Credits

I would like to give credit where credit is due. Videos are from YouTube and other sources such as NicoNico while Oricon rankings and other information are translated from the Japanese Wikipedia unless noted.

Tuesday, July 15, 2014

Naoko Ken/Miyuki Nakajima -- Kamome wa Kamome (かもめはかもめ)



As I mentioned in the first article for singer/actress/tarento Naoko Ken(研ナオコ), she has been seen being the zany comic cut-up on TV often with good buddy Ken Shimura. Ironically, I've also known her to be the singer of some really melancholy but beautiful songs. Case in point, allow me to introduce you to "Kamome wa Kamome" (A Seagull is a Seagull) which was written and composed by Miyuki Nakajima(中島みゆき).

Released in March 1978 as Ken's 16th single, the heartbreaking ballad is a message on the lines of "I love you but I can never be with you". It's a grand torch song of a woman giving her final goodbyes to someone who was probably the closest to being the love of her life but ultimately the pair couldn't make it work. What's left is her pronouncing that she is the titular seagull flying solo never stopping anywhere for long.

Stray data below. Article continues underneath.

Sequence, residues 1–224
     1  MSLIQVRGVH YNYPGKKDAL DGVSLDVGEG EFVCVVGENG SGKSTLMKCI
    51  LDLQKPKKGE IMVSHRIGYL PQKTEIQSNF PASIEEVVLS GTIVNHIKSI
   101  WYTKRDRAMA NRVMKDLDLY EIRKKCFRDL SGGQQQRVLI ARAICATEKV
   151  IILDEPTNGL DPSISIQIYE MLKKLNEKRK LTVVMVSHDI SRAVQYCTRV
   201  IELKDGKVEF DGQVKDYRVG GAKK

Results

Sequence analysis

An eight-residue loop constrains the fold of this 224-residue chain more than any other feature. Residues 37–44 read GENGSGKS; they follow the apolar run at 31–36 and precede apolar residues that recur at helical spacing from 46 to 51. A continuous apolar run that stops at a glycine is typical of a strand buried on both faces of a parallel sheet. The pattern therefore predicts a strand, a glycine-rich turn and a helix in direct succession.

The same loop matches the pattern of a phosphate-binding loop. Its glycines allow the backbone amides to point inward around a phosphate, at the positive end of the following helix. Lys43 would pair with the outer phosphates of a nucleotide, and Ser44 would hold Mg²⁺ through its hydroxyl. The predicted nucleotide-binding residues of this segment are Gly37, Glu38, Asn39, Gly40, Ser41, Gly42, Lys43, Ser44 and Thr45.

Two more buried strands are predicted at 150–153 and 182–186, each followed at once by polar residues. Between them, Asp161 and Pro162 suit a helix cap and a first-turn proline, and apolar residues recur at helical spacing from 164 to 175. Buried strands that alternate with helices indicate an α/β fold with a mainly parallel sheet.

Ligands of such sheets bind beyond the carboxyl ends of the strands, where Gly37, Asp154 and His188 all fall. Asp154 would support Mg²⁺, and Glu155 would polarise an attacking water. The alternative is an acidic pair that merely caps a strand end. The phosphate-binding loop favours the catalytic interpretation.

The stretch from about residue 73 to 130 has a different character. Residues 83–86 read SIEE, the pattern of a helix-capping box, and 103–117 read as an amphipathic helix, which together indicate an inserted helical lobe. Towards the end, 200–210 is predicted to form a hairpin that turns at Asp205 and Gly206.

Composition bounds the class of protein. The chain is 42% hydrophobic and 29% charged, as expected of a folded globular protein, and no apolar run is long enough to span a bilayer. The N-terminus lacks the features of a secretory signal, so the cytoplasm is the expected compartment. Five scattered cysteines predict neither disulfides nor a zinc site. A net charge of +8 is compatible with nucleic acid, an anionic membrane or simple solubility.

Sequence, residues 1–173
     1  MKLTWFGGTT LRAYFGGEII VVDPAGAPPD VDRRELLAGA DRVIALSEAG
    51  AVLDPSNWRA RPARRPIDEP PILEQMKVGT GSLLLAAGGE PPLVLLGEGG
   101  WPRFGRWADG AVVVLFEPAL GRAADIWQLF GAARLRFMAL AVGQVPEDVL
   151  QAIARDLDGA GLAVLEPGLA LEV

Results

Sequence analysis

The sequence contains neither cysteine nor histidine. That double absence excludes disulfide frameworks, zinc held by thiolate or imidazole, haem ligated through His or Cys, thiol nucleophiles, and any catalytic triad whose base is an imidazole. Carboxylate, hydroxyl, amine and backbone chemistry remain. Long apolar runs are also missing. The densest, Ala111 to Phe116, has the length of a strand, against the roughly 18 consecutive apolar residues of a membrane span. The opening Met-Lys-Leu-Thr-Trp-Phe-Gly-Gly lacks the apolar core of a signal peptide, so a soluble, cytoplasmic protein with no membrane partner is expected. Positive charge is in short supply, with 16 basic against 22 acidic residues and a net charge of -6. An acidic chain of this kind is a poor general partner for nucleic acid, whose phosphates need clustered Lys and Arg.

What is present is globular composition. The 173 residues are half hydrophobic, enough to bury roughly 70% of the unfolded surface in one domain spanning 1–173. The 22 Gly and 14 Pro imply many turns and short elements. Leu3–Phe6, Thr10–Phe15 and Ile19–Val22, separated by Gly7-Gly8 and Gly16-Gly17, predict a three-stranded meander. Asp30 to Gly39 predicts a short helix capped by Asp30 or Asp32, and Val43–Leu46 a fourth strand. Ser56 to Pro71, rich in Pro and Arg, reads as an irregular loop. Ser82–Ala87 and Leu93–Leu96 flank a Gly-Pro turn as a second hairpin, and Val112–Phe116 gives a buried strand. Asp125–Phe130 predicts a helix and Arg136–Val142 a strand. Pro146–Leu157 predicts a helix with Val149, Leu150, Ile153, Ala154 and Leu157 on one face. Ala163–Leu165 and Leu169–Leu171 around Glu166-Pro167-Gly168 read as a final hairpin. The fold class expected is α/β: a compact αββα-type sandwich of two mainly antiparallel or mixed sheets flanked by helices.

At the time, Ken was making a comeback into the entertainment spotlight after about 6 months in exile due to suspicions of her possessing marijuana. Before the trouble, the singer had had her greatest success to date with her 12th single, "Abayo", back in 1976 which was also a Nakajima-created song. Nakajima once again helped Ken get another hit with "Kamome wa Kamome". Although it didn't become as big a hit as "Abayo"(あばよ...Farewell)had, it has become one of Ken's signature tunes. It won a Japan Record Award Gold Prize in 1978 and the singer was back on the NHK stage at the Kohaku Utagassen to sing it. Getting as high as No. 7 on the Oricon weeklies, it finished the year as the 39th-ranked entry, selling over 300,000 records.

However, "Kamome wa Kamome" was actually first released as one track on Ken's 5th album, "Kamome no You ni"(かもめのように...Like A Seagull)which came out in October 1977.

(Sorry but music163 is no longer accessible.)

Listening to one of Ken's most famous songs, I could imagine and hear Nakajima through the melody and lyrics. And sure enough, from her April 1985 album, "Oiro Naoshi"(御色なおし...Change), she gave her own cover version of "Kamome wa Kamome". Nakajima even one-ups Ken with her version of the song being turned into an epic organ-propelled musical elegy as if it were being used to remember a recently-departed dear friend. Not surprisingly, it's the song that ends the album....the only thing missing was the "Amen" at the very end. The album itself hit No. 1 and later became the 18th-ranked album of the year.

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